Poor eyesight can affect your child's development and achievement

publication date: Aug 26, 2008

During the first 12 years of our lives, as much as 80 per cent of learning is achieved through our vision, yet only eight per cent of parents would suspect their child to be underachieving at school because they can’t see properly.

Research conducted by The College of Optometrists shows that over a third of adults consider eyesight to be the most important factor in a child’s development – second overall only to education. However there is still a common misconception that children’s eyes cannot accurately be tested until they can read.

In fact, you do not have to wait for your child to read or even talk before taking them for a sight test – children can have their eyes examined as soon as they are old enough to open them.  Between birth and seven years is a critical stage in eye development and the earlier any problems are detected the more likely it is that they can be corrected.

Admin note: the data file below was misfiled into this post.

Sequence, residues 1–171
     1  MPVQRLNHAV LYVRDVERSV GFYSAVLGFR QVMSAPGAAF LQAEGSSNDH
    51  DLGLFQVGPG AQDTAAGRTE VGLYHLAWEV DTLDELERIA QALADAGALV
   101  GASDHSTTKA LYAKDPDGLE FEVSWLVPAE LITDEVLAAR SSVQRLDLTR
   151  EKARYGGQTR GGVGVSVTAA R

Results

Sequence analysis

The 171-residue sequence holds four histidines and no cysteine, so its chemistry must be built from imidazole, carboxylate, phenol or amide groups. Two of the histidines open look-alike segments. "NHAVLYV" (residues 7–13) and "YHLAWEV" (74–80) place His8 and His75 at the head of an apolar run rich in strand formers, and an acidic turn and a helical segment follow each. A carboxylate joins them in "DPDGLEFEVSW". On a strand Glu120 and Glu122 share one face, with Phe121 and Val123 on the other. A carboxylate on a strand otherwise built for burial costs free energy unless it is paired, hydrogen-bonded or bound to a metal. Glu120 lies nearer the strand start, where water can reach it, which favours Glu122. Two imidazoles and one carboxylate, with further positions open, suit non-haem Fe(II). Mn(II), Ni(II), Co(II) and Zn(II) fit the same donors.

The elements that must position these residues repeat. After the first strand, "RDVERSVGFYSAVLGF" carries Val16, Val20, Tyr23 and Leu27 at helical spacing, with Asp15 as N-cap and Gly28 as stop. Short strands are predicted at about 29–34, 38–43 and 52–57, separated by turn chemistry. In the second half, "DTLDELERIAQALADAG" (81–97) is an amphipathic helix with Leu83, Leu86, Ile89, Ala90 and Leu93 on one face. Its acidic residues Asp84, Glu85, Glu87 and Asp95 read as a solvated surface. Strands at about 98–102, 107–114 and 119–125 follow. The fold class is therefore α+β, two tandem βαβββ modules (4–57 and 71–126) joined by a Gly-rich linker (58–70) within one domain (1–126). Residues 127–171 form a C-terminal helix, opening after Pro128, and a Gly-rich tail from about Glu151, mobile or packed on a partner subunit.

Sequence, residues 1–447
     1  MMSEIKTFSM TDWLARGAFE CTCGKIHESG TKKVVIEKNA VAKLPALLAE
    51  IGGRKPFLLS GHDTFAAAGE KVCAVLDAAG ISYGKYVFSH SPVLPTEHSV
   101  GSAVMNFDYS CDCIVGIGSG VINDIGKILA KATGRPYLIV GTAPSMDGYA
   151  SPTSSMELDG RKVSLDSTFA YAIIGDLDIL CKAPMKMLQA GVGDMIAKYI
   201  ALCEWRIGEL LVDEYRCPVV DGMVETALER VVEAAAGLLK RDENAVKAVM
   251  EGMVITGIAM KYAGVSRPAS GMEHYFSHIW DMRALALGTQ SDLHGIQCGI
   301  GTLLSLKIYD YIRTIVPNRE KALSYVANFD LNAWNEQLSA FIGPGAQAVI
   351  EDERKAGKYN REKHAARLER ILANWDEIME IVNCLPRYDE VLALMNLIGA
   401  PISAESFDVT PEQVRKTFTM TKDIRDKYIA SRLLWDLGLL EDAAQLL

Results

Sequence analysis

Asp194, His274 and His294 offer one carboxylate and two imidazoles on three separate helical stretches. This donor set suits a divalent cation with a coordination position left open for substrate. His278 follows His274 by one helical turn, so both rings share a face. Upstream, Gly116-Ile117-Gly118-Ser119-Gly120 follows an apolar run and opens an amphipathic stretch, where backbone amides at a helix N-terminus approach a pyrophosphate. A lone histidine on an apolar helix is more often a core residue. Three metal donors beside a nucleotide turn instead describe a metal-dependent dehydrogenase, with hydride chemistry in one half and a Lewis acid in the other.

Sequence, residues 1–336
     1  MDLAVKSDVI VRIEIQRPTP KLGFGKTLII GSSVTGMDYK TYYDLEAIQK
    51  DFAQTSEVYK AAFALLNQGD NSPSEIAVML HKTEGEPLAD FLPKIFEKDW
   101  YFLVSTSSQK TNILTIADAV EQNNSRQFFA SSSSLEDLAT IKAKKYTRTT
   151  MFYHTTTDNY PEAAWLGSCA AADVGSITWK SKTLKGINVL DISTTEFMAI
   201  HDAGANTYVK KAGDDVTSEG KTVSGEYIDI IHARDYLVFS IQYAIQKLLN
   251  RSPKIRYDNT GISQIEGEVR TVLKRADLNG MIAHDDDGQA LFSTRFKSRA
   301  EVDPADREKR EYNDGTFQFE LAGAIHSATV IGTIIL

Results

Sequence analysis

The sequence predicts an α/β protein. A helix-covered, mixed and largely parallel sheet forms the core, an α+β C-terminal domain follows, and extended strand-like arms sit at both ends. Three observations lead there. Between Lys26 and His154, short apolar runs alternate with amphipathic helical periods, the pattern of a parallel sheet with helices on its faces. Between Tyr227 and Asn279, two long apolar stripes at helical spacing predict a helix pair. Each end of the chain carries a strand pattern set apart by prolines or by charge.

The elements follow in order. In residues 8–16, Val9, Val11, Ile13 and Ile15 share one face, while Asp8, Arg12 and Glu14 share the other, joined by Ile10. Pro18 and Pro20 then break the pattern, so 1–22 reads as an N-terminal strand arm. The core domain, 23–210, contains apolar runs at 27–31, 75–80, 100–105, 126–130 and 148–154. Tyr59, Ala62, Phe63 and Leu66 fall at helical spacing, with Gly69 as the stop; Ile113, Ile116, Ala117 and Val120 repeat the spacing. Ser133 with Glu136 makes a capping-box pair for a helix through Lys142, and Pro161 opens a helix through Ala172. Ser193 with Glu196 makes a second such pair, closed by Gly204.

Typical warning signs of eye related problems are:

  •     excessive blinking
  •     an eye turning in or out
  •     the child screwing their eyes up to see things
  •     peering closely at books and television
  •     pumping into objects
  •     poor performance at school

One quarter of those who do not take their child for regular eye checks believe they are tested at school. While vision screening may be carried out by orthoptists or school nurses in many schools, they are not as comprehensive as a full eye examination by a qualified optometrist.  The availability of vision screening can vary between schools so parents should never assume the issue has been taken care of.

Taking your child for an eye examination is the only way to be sure that their eyes are working properly and are healthy. The eye examination should take no longer than 30 minutes and is free of charge under the NHS for anyone under 16.